When planning a trip I usually dream about all the beautiful places, interesting people, fascinating cultures and exotic dishes that I’ll encounter along the way. I know that travelling can be hard and places disappointing but those thoughts barely come up during the planning stages of a trip. And most of the time these things are minor. You find yourself on the tourist bus, which takes longer and stops at all kinds of stores and restaurants but still gets you to where you want to go eventually. The hostel you booked for the first night in a new place turns out to be a mess and you have to find a new one the next day. All of these little things don’t really matter and make for good stories. The point in time when these stories become funny seems to be correlated to the frustration of the event, i.e. the more it sucks the longer it will take until you can laugh about it. I’m curious when we’ll be able to laugh about our visit to Malaysia.
The idea was to fly to Kuala Lumpur when our Thailand visa expired and then make our way down to Singapore from where I had booked a flight to Zurich for the interview. The first surprise upon arrival was that most signs, advertisements and TV shows in Malaysia seemed to be in English. The whole infrastructure of streets, stores, electrical installations and plumbing seemed more sophisticated and comfortable than in Thailand. However, this didn’t transfer into feeling more comfortable. Instead the parts of Malaysia that I got to see couldn’t live up to the high expectations that Thailand had set. We explored Kuala Lumpur for a few days and then decided to go to Tioman Island. We had heard good things about northern Malaysia but we had to make our way towards Singapore and therefore decided to check out this beautiful island on the southeast coast of the country.
The trip started with a bus ride across the country which took us through endless palm tree plantations as Malaysia is the second largest producer of palm oil. This devastation of rainforest in exchange for mono-cultures didn’t improve my opinion of Malaysia. But at least we were not on the tourist bus. This meant that we only did one quick lunch stop and didn’t have to tour any gems and souvenir stores. Upon our arrival in Mersing, the port for Tioman, we were welcomed by a man who runs the local travel office which sells the tickets for the ferry to the island. This was quite the change compared to the troops of salesmen that we had encountered everywhere in Thailand. Apparently there was an accident a few years ago and this company is the only one that is still allowed to operate ferry rides to Tioman. The travel office is also affiliated with most of the hotels on the island and the man offered to also arrange our accommodation. It seemed like we were getting a great deal for the ferry and four nights in a bungalow. Just like the trip to Chiang Rai it turned out that what seems to be too good to be true usually isn’t true. I’m starting to see a pattern…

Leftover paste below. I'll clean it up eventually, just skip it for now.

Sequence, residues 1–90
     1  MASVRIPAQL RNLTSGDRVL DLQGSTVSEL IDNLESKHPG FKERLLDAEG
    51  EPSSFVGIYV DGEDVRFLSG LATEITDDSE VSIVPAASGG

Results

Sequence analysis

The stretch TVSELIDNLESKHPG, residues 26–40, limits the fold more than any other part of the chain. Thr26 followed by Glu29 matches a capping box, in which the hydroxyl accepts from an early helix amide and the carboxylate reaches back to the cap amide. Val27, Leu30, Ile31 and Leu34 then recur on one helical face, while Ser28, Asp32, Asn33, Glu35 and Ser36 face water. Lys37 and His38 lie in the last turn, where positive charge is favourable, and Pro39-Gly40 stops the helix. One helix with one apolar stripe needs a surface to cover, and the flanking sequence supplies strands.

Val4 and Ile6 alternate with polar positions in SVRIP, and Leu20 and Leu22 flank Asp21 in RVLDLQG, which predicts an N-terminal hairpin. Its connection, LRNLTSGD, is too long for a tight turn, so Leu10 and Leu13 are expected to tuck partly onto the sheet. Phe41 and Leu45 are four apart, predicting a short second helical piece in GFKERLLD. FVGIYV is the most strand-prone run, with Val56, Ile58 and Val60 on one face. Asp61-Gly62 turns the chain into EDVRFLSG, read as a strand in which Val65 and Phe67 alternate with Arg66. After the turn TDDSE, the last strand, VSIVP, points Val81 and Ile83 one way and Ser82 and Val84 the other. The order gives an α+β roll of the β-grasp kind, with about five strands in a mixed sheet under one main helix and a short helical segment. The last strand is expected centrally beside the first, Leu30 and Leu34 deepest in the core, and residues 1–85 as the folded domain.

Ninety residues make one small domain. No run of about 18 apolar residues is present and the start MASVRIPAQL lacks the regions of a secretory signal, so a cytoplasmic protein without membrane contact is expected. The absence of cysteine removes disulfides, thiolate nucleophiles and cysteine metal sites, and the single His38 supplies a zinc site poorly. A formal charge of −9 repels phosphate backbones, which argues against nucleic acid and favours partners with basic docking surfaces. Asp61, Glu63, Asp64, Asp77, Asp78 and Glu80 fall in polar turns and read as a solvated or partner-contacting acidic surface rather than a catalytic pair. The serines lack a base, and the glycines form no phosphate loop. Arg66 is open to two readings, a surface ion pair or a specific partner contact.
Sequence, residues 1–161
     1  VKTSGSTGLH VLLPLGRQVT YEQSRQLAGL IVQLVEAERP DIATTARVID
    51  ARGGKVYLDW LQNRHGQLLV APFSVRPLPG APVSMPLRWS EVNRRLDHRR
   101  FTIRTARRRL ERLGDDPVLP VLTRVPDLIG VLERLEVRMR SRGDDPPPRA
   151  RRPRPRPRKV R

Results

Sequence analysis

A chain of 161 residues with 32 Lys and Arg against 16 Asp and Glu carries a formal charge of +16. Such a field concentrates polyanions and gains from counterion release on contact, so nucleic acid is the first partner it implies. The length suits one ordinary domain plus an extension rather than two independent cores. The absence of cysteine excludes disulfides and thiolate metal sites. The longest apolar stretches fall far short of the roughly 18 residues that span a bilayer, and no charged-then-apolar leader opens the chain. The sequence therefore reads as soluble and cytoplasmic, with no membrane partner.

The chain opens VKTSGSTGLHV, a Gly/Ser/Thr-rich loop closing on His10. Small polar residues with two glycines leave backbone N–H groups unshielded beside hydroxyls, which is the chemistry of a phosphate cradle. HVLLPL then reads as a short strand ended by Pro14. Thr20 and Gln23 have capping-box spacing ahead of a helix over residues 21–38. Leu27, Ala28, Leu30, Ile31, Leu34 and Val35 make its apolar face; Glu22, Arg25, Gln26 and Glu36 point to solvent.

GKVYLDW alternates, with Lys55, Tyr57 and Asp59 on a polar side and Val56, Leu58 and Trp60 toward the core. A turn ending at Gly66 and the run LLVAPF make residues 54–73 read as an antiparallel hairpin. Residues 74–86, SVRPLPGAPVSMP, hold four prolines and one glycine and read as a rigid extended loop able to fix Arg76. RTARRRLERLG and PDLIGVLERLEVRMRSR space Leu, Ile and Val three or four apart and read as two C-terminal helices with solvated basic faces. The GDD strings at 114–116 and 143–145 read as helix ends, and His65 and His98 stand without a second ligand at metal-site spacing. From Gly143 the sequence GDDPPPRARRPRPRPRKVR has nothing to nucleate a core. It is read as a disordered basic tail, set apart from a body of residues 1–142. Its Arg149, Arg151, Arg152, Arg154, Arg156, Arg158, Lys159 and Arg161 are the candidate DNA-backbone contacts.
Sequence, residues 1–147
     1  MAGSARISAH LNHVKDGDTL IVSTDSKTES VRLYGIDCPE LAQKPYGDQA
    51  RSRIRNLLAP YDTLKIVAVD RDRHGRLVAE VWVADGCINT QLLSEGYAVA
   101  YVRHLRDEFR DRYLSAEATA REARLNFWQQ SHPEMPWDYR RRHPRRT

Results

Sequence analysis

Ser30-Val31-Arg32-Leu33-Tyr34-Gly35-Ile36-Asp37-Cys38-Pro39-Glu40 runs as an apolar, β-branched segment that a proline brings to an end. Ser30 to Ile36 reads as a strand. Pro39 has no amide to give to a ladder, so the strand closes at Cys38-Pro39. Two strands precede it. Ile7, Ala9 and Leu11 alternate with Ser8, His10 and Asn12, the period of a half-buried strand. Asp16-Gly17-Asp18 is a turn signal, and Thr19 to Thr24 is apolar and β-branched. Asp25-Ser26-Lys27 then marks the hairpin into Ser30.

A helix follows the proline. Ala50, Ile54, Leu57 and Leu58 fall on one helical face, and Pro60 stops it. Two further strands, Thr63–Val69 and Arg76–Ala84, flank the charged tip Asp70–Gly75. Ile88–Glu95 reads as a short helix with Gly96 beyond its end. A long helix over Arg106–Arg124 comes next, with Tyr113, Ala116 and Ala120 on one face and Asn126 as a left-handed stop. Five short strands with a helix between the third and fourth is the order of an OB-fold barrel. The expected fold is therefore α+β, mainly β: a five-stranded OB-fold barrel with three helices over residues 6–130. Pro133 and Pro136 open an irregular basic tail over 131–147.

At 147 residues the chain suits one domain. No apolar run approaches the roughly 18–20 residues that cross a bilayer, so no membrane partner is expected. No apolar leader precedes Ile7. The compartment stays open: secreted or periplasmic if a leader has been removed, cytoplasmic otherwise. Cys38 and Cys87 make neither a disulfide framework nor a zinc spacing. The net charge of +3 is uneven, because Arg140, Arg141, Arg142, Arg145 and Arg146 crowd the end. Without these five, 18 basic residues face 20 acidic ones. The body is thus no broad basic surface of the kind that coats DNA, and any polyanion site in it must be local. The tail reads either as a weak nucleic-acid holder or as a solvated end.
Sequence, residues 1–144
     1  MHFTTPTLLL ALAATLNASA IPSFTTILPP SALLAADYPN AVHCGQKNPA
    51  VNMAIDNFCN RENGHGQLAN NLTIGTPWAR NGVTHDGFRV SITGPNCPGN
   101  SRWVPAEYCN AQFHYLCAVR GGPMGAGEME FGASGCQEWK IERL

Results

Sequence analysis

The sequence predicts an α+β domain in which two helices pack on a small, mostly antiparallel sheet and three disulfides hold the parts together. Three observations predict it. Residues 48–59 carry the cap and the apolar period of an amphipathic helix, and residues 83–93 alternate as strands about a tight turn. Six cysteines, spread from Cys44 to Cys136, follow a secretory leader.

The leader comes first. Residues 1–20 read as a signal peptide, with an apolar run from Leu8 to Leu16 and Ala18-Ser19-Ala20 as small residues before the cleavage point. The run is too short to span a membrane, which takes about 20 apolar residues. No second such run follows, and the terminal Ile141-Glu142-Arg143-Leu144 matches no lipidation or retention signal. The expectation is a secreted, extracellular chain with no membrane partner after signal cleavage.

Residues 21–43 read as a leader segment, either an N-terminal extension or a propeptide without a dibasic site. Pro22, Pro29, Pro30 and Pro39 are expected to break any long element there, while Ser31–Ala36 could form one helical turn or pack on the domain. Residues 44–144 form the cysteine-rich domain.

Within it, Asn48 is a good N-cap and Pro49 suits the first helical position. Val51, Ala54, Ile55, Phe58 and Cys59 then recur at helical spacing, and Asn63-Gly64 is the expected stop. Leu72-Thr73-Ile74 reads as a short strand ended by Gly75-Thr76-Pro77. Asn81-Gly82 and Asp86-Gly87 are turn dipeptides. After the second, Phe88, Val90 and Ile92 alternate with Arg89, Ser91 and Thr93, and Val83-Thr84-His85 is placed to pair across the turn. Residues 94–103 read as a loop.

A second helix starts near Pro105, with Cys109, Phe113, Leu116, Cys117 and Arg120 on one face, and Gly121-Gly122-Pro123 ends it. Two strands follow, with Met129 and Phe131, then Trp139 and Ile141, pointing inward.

We got to the island when it was already dark and went on a search for our resort. When we finally opened the door to our little bungalow we were welcomed by a swarm of mosquitos. Luckily we were carrying a mosquito net with us. Even if we don’t need it again on this trip it was totally worth carrying it around with us. Unfortunately the bed had seen better and most likely cleaner days but our inlay sleeping bags made this bearable, too. We ended the day with a delicious curry dish that was recommended to us by the waiter with the words ‘this isn’t spicy’. It tasted very good but we double checked with him because for us who both like spicy food it was definitely on the spicy side. He just laughed and said that they give it to children.
The next day we found out that the rest of the island wasn’t much cleaner than our bungalow and from there things went downhill fast. I got a fever, despite the mosquito net we still got plenty of bug bites and J got eaten by sand flies. Long story short we ditched the island after two nights and made a run for the border.
However this turned out to be more complicated than we imagined. As in many places in Southeast Asia the ferry that takes you from Tioman Island to Mersing is also timed such that it arrives after the last public transport option has departed. That usually leaves you with the options to take an overpriced cab or start looking for a room. We opted for the latter and managed to find a decent room as well as a tasty dinner. I was curious about the boar dishes on the menu but as expected this was just a way to sell pork in a country where most people are Muslims.
The next morning we got on a bus to Johor Bahru (JB) which is the town on the Malaysian side across the bridge from Singapore. This trip led us again through endless Palm Oil plantations but this time the road was much busier. Our bus had two drivers and not enough power for the overtaking maneuvers that they tried to pull off. This was compensated by honking at the trucks they were trying to overtake and followed by sometimes happy, sometimes angry discussions between the two.
But we made it to JB and got on another bus to the border. At the Malaysian side we had to get off the bus and clear customs. Then the same bus took us over to the Singapore side where we had to clear customs again. From there the bus took us into Singapore and all of a sudden people were using the lanes and leaving space in-between vehicles. At least the bus dropped us off at a tiny bus station without a map or any other way of orientation. Thus we knew that we were still in Asia. But one of the street signs sounded familiar and with the map that I had loaded on my computer we found the hostel quickly.